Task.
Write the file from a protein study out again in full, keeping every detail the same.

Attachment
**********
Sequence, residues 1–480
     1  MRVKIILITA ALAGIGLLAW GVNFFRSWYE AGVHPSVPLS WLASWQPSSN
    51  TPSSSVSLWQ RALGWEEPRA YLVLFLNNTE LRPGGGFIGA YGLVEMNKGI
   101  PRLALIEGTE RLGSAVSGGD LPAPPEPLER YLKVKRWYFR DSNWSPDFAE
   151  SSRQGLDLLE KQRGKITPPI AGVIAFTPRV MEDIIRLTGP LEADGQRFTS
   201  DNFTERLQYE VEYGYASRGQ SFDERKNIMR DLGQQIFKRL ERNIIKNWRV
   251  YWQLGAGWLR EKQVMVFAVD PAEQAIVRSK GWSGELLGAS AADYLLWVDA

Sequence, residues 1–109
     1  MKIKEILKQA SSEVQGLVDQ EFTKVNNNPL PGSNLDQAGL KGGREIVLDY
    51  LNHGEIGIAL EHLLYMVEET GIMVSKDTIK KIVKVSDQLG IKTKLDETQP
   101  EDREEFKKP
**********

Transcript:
Sequence, residues 1–480
     1  MRVKIILITA ALAGIGLLAW GVNFFRSWYE AGVHPSVPLS WLASWQPSSN
    51  TPSSSVSLWQ RALGWEEPRA YLVLFLNNTE LRPGGGFIGA YGLVEMNKGI
   101  PRLALIEGTE RLGSAVSGGD LPAPPEPLER YLKVKRWYFR DSNWSPDFAE
   151  SSRQGLDLLE KQRGKITPPI AGVIAFTPRV MEDIIRLTGP LEADGQRFTS
   201  DNFTERLQYE VEYGYASRGQ SFDERKNIMR DLGQQIFKRL ERNIIKNWRV
   251  YWQLGAGWLR EKQVMVFAVD PAEQAIVRSK GWSGELLGAS AADYLLWVDA

Sequence, residues 1–109
     1  MKIKEILKQA SSEVQGLVDQ EFTKVNNNPL PGSNLDQAGL KGGREIVLDY
    51  LNHGEIGIAL EHLLYMVEET GIMVSKDTIK KIVKVSDQLG IKTKLDETQP
   101  EDREEFKKP